Counties leaders demand higher stake in tea estate sale

A tea plantation in Kericho County. [Wilberforce Okwiri, Standard]

Leaders from Kericho and Bomet counties have raised fresh demands regarding the sale of Lipton tea estates to Sri Lanka's Browns Investment PLC.

This follows a four-hour closed-door meeting with the management of the multinational tea company.

The leaders said the community will settle for a share more than the 15 per cent offered.

Speaking to the media after the meeting held at Lipton's International Conference Center, the leaders further demanded a survey of the Lipton tea estate and an increase in land rates, among other pertinent issues.

Bomet Senator Hillary Sigei, who read the resolutions of the meeting, announced that a ten-member committee had been formed to spearhead consultations and provide a way forward on the issues within 21 days.

"The committee has been tasked to negotiate for the enhancement of the offer of shareholding to Kericho and Bomet residents from 15 per cent to any higher or better percentage depending on how the shareholding would go," he said.

Sigei added that the committee will also determine whether the enhanced 15 per cent shares will be jointly owned by the county governments of Kericho and Bomet, a consortium of cooperatives from the two counties, or a hybrid arrangement.

The Senator further stated that the committee is expected to provide its position on how the Sh1 billion Endowment Fund announced by Lipton during the signing of the deal with Browns can be possibly enhanced and into what kind of investment it will be channelled to support future local community investments.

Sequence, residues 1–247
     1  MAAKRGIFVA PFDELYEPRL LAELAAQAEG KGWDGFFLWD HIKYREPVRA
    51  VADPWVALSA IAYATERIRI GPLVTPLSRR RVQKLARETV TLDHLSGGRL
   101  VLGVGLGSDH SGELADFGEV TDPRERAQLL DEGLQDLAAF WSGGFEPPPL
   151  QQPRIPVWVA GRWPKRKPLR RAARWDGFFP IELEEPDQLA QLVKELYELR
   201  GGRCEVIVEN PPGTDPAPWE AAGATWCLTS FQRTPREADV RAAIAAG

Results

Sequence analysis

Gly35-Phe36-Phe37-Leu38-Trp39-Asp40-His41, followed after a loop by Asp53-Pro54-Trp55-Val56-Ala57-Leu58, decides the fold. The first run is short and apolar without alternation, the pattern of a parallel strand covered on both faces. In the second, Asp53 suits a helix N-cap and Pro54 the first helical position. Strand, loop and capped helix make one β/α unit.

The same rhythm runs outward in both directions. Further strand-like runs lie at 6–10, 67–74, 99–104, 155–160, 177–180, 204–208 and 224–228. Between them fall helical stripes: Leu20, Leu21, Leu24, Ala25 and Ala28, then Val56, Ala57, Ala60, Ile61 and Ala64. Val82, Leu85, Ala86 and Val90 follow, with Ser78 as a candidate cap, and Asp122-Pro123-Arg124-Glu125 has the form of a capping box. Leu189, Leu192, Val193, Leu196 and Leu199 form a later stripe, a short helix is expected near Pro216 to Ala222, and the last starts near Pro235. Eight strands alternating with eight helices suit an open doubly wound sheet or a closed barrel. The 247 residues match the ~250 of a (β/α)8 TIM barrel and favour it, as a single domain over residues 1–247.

Sigei said the committee will provide its report by June 7th.

"Thereafter, the team will be expected to guide on public participation so that Kericho and Bomet residents and the entire Kipsigis community will understand what the sale entails and how the community interest is protected," he said.

Senate Leader of Majority Aaron Cheruiyot allayed fears that their efforts were in vain since the deal between Lipton and Browns was already concluded.

"Any business transaction is subject to the applicable laws. I know for a fact that the competition authority has yet to give its approval for this transaction. That is where we shall take our concerns if they are not accommodated in the transaction," he said.

Cheruiyot added that multinational tea firms would also be required to respond to the long list of grievances by the local residents, such as land resurvey, low land rates, and employment opportunities, among other issues.

"We feel like there is no better time to negotiate than now when the transaction between Lipton and Browns is still ongoing," he said.

Kericho Governor Erick Mutai stated that his administration would require up to a 50 per cent share allocation in the sale agreement.

“The land rates paid are also very low and will require to be hiked, and employment opportunities must be offered to local residents," he said.

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